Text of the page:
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Growth in U.S. home prices at 33-month high

Staff Writer |
U.S. home prices rose slightly less than what was anticipated for the month of March, according to new data from the S&P/Case-Shiller U.S. National Home Price Index.

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But the gains were enough to reach a 33-month high, climbing at the strongest rate in nearly three years.

This, as inventory of homes for sale remains "unusually low," the group said.

The national home price index increased 5.8 percent in March, while analysts were expecting home prices to rise by 5.9 percent for the month, according to Thomson Reuters consensus estimates.

Meanwhile, the widely tracked 20-city home price index rose 5.9 percent from a year ago in March, the most since July 2014.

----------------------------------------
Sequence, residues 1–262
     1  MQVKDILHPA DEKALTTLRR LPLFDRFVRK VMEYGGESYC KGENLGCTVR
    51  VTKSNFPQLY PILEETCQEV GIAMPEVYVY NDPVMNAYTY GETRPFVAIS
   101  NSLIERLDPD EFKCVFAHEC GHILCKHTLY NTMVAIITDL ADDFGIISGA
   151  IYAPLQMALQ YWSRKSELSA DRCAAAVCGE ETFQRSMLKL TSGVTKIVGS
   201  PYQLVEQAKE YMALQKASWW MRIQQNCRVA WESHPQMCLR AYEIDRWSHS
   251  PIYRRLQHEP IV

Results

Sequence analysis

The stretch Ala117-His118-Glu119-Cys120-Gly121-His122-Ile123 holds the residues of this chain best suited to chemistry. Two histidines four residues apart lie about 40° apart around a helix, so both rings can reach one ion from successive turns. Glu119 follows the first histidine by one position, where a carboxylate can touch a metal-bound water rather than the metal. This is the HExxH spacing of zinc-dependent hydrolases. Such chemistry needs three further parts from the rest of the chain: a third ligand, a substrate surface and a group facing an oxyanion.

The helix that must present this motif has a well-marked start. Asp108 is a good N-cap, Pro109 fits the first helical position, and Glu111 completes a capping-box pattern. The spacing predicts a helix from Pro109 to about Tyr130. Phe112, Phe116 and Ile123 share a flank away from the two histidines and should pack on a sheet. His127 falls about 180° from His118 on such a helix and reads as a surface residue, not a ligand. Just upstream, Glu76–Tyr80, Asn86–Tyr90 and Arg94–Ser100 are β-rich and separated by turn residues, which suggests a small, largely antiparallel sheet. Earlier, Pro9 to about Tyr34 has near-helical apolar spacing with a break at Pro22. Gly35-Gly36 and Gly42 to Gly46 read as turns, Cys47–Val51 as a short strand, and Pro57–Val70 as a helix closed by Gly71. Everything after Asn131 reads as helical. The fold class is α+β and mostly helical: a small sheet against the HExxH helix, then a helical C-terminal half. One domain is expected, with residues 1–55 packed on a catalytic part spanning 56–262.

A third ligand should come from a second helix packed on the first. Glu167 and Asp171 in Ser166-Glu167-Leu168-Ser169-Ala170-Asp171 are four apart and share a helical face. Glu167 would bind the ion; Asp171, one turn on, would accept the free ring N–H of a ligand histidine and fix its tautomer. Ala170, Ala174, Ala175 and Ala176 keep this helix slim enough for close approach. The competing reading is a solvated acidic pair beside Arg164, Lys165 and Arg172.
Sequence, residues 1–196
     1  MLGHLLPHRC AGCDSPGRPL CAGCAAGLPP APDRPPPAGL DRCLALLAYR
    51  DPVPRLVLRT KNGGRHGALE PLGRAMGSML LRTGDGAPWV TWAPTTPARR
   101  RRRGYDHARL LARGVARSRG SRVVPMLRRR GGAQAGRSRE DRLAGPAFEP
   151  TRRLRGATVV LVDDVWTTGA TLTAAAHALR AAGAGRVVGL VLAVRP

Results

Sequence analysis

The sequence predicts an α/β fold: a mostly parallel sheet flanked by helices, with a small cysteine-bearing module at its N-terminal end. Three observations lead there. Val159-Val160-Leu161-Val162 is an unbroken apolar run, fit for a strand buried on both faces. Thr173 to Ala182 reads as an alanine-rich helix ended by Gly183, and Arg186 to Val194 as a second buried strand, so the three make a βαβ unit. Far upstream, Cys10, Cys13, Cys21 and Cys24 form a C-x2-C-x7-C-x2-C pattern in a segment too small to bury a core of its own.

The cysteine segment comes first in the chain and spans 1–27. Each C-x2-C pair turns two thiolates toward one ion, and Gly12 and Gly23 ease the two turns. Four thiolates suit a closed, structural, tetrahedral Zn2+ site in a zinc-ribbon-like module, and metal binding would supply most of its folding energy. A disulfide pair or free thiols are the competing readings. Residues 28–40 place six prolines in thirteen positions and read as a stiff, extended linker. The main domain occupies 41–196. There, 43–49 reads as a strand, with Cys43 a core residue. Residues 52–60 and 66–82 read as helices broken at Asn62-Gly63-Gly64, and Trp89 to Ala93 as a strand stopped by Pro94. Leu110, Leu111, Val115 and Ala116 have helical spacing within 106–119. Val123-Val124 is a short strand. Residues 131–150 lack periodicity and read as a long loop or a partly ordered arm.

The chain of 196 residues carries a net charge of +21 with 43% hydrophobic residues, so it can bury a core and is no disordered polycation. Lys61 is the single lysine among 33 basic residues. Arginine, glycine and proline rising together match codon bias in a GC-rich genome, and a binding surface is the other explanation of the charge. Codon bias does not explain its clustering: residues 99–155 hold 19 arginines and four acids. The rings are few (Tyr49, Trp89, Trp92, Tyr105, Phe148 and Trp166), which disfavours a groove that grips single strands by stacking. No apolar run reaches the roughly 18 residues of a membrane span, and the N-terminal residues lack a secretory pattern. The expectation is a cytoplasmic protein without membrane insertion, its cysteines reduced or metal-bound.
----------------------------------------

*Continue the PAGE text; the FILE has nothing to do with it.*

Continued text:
The latest data released Tuesday shows that home prices continued their impressive rise, across the country, over the past 12 months.

Home prices had hit a record in September, and the pace of growth accelerated ever since then.

Among the 20 cities surveyed for this report, Seattle, Portland and Dallas just reported their highest year-over-year gains.

The smallest gain of 4.1 percent was in New York.

Home prices in New York City have risen 4.1 percent in the past year, still much higher than U.S. average hourly earnings that have increased 2.5 percent over the past 12 months, according to the Bureau of Labor Statistics.